An intriguing, imaginative debut sci-fi novella
One woman will travel to the stars and beyond to save her beloved…
Gene-edited human clans have scattered throughout the galaxy, adapting themselves to environments as severe as the desert and the sea. Atuale, the daughter of a Sea-Clan lord, sparked a war by choosing her land-dwelling love and rejecting her place among her people. Now her husband and his clan are dying of an incurable plague, and Atuale’s sole hope for finding a cure is to travel off-planet. The one person she can turn to for help is the black-market mercenary known as the World Witch — and Atuale’s former lover. Time, politics, bureaucracy, and her own conflicted desires stand between Atuale and the hope for her adopted clan.
This is an intriguing debut sci-fi novella, following Atuale as she sets out desperately on a perilous journey to save her people. Well-paced, well-written, and imaginative. I enjoyed this.
It’s a bit tricky to review this in any particular detail without spoiling the story. It’s a briskly-paced, slim novella, but one that manages to do quite a lot. Ogden introduces plenty of interesting and imaginative twists on some popular space opera — gene-editing, for example, but also interstellar travel and alien races.
Atuale, the daughter of one of her planet’s faction leaders, left the seas for a life on land. She’s made a life for herself, found love, and not looked back. Now, however, her people are being ravaged by a plague, and she must head back into the water to get help. Teaming up with the “World-Witch”, someone Atuale was very close to before she left her original life, she ventures out into space to find someone with the ability to manufacture a cure. On the journey, she reconnects with Yanja, and is forced to examine her choices. As their quest unfolds, she is also forced to examine what she wants — now and in the future. Can you go home? the novella asks, in a way. And how much are you willing to sacrifice for love, and your people?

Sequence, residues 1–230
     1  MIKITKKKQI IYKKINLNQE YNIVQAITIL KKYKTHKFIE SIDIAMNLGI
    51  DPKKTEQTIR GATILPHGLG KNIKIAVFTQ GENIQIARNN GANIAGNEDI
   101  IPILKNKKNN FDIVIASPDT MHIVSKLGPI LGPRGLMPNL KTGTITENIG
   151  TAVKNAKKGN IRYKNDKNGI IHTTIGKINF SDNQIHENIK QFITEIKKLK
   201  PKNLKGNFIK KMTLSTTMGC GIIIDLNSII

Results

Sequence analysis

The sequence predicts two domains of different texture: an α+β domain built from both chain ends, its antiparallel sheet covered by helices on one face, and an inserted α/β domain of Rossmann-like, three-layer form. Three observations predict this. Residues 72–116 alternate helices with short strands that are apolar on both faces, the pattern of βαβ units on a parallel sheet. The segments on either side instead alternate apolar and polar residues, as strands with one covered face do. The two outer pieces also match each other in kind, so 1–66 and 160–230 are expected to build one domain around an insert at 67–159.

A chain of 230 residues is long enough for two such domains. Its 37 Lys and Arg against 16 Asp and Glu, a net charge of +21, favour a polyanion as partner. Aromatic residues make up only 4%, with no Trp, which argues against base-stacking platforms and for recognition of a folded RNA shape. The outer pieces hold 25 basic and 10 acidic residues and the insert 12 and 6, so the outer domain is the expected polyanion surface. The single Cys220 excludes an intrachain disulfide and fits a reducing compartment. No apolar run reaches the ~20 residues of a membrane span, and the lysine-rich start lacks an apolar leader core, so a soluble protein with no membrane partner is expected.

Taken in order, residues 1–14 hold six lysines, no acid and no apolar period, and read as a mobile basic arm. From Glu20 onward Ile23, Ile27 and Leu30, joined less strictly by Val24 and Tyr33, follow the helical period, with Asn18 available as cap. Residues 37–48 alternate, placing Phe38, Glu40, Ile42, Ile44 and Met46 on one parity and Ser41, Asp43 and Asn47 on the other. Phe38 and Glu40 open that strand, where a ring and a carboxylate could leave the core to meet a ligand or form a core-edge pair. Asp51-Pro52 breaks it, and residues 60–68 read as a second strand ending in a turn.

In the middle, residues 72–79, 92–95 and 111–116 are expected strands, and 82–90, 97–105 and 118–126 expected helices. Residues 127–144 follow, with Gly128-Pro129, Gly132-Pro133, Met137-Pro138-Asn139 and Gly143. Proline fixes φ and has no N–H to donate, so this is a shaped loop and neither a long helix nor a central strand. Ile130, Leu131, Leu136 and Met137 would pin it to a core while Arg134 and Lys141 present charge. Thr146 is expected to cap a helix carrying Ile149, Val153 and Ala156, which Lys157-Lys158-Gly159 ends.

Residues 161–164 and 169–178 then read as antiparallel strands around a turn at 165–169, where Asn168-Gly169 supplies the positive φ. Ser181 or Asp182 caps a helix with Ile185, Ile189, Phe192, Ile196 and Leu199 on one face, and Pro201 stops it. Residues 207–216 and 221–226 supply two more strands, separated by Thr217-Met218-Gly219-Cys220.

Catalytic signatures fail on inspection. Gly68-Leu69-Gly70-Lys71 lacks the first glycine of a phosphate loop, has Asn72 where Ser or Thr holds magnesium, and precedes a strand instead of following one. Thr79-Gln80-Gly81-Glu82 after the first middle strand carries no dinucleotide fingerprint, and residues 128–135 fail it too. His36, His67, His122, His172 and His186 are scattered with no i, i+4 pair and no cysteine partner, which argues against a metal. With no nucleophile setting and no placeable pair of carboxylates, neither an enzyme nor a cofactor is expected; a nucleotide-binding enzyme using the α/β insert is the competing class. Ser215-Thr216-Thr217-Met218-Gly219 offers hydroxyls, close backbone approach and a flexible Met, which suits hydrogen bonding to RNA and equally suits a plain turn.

While briskly-paced, the novella is not especially action-packed. Not surprising, given the plot, nor is this a problem. The author gives us glimpses of the worlds, people, and places in this universe, as well as the “structure” of the civilizations and how they interact. We’re introduced to different cultures, a future where humanity has ventured out into the stars and employed gene-editing to adapt to new climes and planets. It would be interesting to read more in this setting, to explore a bit more the various people and factions with whom we come into brief contact.
I liked that Ogden doesn’t delve too much into the “science” side of the sci-fi. We’re not given long explanations of this or that technology, which means we can just get on with the story. (Something I always appreciate in sci-fi novels/novellas.) We’re dropped into this universe, and the story pulls us through. What details we need are either given briefly, or we can fill out the details how we want. Despite the spare descriptions, there’s nevertheless quite a rich world, and the societies are well-realized on the page.
If you’re looking for a good, short read, then I would certainly recommend you pop this on your TBR pile. I’m also really looking forward to what Ogden writes next. I hope there will be another book or two in this setting in the future. Recommended.
Aimee Ogden’s Sun-Daughters, Sea-Daughters is due to be published by Tor.com in North America and in the UK, on February 23rd, 2021.
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Review copy received via NetGalley